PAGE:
A Minnesota lawmaker is pledging to renew efforts to block schools from shaming kids over unpaid lunch debts after he learned this week that Richfield High School cafeteria workers took hot meals from students and threw them away.

The lunches were tossed because the students owed $15 or more, but the action was quickly halted Monday when administrators became aware of the situation.

“Unfortunately, this was not implemented in line with our guidelines or our values,” the district said in a statement Monday. “We deeply regret our actions today and the embarrassment that it caused several of our students.”

State Rep. Tony Jurgens, R-Cottage Grove, said Wednesday he was glad the district apologized but was frustrated such incidents continue to occur — this despite a 2014 law that says schools could not “demean or stigmatize” students while reminding them of debts.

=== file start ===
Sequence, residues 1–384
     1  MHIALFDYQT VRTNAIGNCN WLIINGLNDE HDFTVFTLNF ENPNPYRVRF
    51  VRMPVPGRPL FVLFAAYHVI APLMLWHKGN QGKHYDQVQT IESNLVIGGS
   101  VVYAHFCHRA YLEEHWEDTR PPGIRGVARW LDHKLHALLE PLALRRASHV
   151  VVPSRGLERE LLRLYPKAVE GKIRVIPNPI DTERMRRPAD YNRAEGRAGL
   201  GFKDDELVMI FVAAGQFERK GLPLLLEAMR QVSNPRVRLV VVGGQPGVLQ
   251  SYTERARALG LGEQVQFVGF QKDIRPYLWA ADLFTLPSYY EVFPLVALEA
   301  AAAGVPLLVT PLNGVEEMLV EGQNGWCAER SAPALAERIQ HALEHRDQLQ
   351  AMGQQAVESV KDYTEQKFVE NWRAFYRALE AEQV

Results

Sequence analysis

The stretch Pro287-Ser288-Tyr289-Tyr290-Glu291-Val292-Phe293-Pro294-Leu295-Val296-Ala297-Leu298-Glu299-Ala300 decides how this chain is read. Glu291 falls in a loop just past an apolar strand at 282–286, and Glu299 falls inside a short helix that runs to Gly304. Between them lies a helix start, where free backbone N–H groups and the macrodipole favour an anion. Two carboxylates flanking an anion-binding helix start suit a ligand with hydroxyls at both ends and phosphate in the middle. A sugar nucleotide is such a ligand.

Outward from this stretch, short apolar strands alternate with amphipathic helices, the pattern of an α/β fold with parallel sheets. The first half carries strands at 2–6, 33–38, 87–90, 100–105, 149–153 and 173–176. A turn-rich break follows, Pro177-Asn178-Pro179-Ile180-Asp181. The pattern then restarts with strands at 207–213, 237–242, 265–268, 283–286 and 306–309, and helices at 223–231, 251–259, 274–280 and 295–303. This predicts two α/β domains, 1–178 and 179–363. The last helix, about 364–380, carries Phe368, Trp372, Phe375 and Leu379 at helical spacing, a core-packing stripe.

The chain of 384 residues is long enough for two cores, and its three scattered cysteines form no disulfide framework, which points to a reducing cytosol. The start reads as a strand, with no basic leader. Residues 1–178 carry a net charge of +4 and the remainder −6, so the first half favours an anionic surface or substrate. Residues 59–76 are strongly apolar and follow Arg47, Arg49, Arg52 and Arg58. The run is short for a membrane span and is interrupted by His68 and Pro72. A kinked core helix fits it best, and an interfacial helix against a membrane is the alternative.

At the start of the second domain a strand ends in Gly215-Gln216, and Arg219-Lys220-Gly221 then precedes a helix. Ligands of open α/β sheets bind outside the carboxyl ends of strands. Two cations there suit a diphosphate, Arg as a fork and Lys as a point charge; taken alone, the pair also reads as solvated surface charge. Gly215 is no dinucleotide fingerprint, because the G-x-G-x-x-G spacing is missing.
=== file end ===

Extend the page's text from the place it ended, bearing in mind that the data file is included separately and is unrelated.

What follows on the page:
His bill would make clear that when meals are given, they cannot be withdrawn. In addition, the state’s education commissioner would be granted enforcement authority in cases when students are not served meals respectfully under the proposal.

The legislation is sponsored by Woodbury DFLer Susan Kent in the Senate and advanced from the House floor this year. But it did not survive House-Senate conference committee deliberations.

“If we need to tweak it a bit to get it across the finish line, I’m willing to do it,” Jurgens said.

Moves to strengthen state law have the support of Jessica Webster, attorney for Mid-Minnesota Legal Aid, who on Tuesday tweeted: “Lunch shaming is a national conversation & it’s time for our Legislature to be more clear about these practices.”

In 2017, the Stewartville school district in southern Minnesota came under fire for in-your-face, tray-scraping tactics.

This spring, Valerie Castile, mother of police shooting victim Philando Castile, brought attention to the issue by covering $8,000 in school lunch debts for seniors at Robbinsdale Cooper High School in New Hope.

Richfield’s statement noted that the district had more than $19,669 in unpaid lunch bills, adding that several parents and community members had expressed interest in helping to pay them off.

The district provided a link to its Sunshine Meal Account and included an option to donate through its Give to the Max Day page. As of 8 p.m. Wednesday, $4,465 had been raised from 33 donors.